More tales from the police blotter.

You may have heard of Damian Mandola. He and his nephew Johnny Carrabba have had cooking shows on PBS. The Mandola family are prominent restaurant operators, and the Carrabba’s chain was founded by Johnny and Damian. Damian also has a local chain, “Mandola’s Italian Market”, that I kind of like, and a higher-end Italian place in Driftwood closer to the Salt Lick, Trattoria Lisina.

Damian Mandola is also at the center of one of the more interesting local crime stories I’ve seen in a while.

The story starts on Thursday. Local law enforcement responded to a report of someone driving a golf cart erratically in the area of Trattoria Lisina. This led to Damian being taken into custody and charged with burglary; specifically, he is alleged to have broken into a building at the Dutchman Family Winery (which is next to Lisina but not owned by Damian) and stolen some wine. Other reports I’ve seen put the amount stolen at one or two bottles, which is odd; if he just wanted a couple of bottles of wine, surely Lisina would have that on hand?

So this is already odd enough. But I was talking about the story with my mother this morning, went to look up the press reports, and…

Damian Mandola was arrested again last night, after putting up bail on the burglary charge. This time, the charges are assault with a deadly weapon and “criminal mischief”.

There’s not a whole lot of detail so far about the sequence of events, and I haven’t seen any reporting except for brief stories in the Statesman and HouChron. It is worth repeating that these are just charges, and Mr. Mandola deserves the presumption of innocence. On the other hand, I doubt the Hays County Sheriff’s Office goes around picking up prominent business owners for no reason. And an ADW charge implies both that there was an assault, and the assault victim could identify their attacker (or that there was other physical evidence tying someone to the attack).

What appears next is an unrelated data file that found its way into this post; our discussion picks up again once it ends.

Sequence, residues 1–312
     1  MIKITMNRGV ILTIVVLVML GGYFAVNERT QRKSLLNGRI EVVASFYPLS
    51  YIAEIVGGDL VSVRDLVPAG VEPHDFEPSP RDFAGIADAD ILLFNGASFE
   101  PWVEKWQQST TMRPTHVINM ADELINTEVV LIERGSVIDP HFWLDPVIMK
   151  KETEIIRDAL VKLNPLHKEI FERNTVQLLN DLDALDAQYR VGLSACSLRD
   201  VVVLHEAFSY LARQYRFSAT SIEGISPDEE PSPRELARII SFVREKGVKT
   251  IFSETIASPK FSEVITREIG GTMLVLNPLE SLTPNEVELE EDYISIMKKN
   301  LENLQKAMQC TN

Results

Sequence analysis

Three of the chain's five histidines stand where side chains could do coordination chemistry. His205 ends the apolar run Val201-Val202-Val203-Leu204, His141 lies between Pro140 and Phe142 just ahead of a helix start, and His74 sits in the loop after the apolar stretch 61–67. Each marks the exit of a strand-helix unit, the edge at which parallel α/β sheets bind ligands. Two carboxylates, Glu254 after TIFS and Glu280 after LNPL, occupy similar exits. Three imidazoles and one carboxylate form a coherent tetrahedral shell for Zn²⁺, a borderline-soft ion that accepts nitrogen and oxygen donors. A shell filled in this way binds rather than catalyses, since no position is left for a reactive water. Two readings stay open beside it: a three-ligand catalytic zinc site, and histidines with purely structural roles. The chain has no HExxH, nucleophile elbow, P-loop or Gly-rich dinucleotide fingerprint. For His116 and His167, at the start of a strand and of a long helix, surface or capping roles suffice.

This is a darn shame. I really do like Damian’s ventures other than Carrabba’s. (I also like Carrabba’s, but I don’t think he or anyone else from the family is involved in managing it any longer.)

It is sad and odd and I hope it gets straightened out for the better.

(Crossposted from WCD.)

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North Verona Ristorante Italiano Closed

According to a Yelp reviewer and Google Maps, the north location of Verona Ristorante Italiano closed late last year. (The south location still seems to be open, and they’ve done a half-assed scrubbing of mentions of the north location off their website.)

A pity, since they were a pretty good Italian place.

That strip between Middle Fiskville and I-35 really seems to be a cursed as far as restaurants surviving there goes, and I don’t think anyplace except the Korean/Sushi joint that keeps changing names has made a go of it since the Bookstop closed.

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Flipnotics Closing Effective Tonight

I know it’s old news, and from the Austin Chronicle, no less. And since I’m not a coffee drinker, it’s not the sort of place I’d patronize.

But I did want to ask: How the hell do you lose $1.8 million running a coffee shop in Austin?

Wouldn’t the little lightbulb above your head flicker on after you had already lost about $200,000? “Hey, I’m losing my shirt! I should stop throwing good money after bad and seek another career!”

Either the original owners were very, very stupid, or there’s some sort of money laundering/tax dodge involved…

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Yelp’s Top 100 Places To Eat Include Six from the Austin Area

So Yelp has release a Top 100 Places to Eat in the U.S. list. Their ratings, being based on actual diners, are very different than high-end restaurant critics, and include six places around Austin:

  • 8. Franklin Barbecue, Austin, TX
  • 35. Turf N’ Surf Po Boy, Austin, TX